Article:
The rich part or the part where you slept with people to try and manipulate them? Catherine’s thoughts were less than charitable.

But what she said was, "Sometimes, a change of scene can do you good."

Erika sat down next to her. Damn it.

"I'm leaving in a moment,” Cathy stated. "You might want to---"

"How is Joe, Catherine?" She asked it without preamble.

Catherine paused and weighed what to say next carefully. She'd rehearsed this moment a time or two, mentally.

"Don't you think you should ask Joe?" She kept her voice gentle. It would not do to rile Erika.

"Honestly? I'm afraid he might slam the door in my face."

"He might," Catherine allowed. "Then again, he might open it, and want to talk to you. The two of you kind of left the door for that open, as I recall." She reached down for her purse.

"Is he seeing anyone, now?” Erika asked.

"Erika...” Catherine was clearly uncomfortable. "He might be. He was. I honestly don’t know. Joe and I aren't close that way. I don't necessarily know about his...affairs."

"And he doesn't know about yours?" Erika asked, keeping her voice courtroom steady.

Warning bells jangled.

"That would be right. Have a nice---"

"Who saved us in that stairwell, Catherine?"

And there it was. Boom. Pull the trigger, hit the little ceramic plate, and watch the pieces scatter.

Catherine kept her poker face firmly in place. "I heard the noises, same as you," Catherine responded, giving it her best “lawyer voice.” "I pitched the guard over the rail, and Cassut fell. Lucky for us." She'd rehearsed the sentences word for word.

"Lucky." The redhead knew the sandy-haired woman was lying through her perfect teeth.

"If you see Joe, please tell him I'd like to see him again. I'm working Legal Aid, on McIntyre Street."

McIntyre Street? That was Rolley territory. What territory there was, anyway.

Erika laid a vellum card on the table, her intention clear. Pick it up and give it to Joe, or the questions would get a lot more uncomfortable.

Catherine wanted desperately to stay out of Erika Salven's crosshairs. It wasn't so much what she knew. It was what she was capable of finding out. She was a terrific mixture of smart and ruthless, with just enough conscience thrown in to make her a very loose cannon.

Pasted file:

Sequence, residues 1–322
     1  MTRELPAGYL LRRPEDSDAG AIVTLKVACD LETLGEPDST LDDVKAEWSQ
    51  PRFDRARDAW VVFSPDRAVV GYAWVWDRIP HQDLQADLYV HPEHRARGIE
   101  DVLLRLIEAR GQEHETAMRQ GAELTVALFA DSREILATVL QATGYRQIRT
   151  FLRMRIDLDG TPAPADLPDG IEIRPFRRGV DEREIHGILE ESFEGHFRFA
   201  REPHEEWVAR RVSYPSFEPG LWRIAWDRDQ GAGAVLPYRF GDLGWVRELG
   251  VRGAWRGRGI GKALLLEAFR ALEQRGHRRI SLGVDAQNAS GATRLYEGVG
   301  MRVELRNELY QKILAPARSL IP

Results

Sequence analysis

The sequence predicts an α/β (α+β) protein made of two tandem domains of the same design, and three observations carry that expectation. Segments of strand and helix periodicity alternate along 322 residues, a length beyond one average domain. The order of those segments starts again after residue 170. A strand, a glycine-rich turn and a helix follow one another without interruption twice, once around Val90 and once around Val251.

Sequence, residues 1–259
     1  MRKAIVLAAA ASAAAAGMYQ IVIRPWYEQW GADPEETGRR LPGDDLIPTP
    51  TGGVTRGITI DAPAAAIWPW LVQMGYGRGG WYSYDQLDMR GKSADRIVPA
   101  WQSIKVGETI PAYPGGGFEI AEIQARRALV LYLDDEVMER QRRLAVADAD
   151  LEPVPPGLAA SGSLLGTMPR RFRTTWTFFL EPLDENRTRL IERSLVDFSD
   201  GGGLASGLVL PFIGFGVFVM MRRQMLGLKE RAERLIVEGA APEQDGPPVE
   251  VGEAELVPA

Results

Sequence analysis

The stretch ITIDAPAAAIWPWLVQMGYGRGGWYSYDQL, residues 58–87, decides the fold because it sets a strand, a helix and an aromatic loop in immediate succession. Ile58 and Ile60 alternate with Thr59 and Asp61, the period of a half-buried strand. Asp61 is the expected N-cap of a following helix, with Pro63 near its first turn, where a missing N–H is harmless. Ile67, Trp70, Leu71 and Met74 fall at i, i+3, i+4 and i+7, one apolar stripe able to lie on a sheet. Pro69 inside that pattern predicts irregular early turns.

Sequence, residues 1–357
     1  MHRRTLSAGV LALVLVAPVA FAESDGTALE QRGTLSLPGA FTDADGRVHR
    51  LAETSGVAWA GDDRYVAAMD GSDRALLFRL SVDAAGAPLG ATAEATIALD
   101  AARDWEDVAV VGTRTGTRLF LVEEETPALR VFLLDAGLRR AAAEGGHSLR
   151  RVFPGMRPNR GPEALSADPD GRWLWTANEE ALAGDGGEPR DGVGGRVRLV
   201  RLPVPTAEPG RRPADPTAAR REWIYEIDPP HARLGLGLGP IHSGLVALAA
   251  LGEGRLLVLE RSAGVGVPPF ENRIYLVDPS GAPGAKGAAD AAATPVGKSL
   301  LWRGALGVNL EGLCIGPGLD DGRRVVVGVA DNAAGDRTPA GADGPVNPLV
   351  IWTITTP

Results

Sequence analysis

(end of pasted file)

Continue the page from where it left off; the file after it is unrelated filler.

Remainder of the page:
Catherine picked up the card, hating being in between Erika and Joe. Vincent could be at risk, here.

"I need to get back to work," was the only assurance she gave.

Erika walked away from the table, content that Joe would at least get her business card before the day was out.


Joe remembered the night he'd walked Erika all the way to Battery Park. That was the Taj Mahal compared to this. He knocked on the door, hard enough so she would hear.

A deadbolt slid back, along with a chain, a standard lock, and a sliding lever. There were bars on the windows. Nice neighborhood.

"So. This what 'contrition' looks like?" he asked her, eyeing the cracked masonry. This was a far cry from where she'd been.

"Maybe. They say after contrition comes absolution." She was expecting him. After speaking to Catherine Chandler, she should be.

"Is that what you're hoping for, Erika?" he asked her, stepping in. She looked beautiful, even if the neighborhood didn't.

She also looked as if she was expecting him to strike her, on the one hand, and hoping he'd hold her, on the other. He did neither.

"It's what we're all hoping for, isn't it, Joe? Confession? Contrition and absolution?" she asked him, ushering him through a waiting room in to what now passed for her office.

 The fax machine looked new. The desk looked old. She opened up a walnut cabinet that held a couple of decanters. At least she still had some trappings of her days with Proctor and Brannigan. Joe wondered if there was a china tea set around somewhere.

"Working for Legal Aid isn't absolution, it's penance,” Joe told her. She looked a little thinner. Red hair he'd once had his hands full of still fell in a curling cut around her shoulders.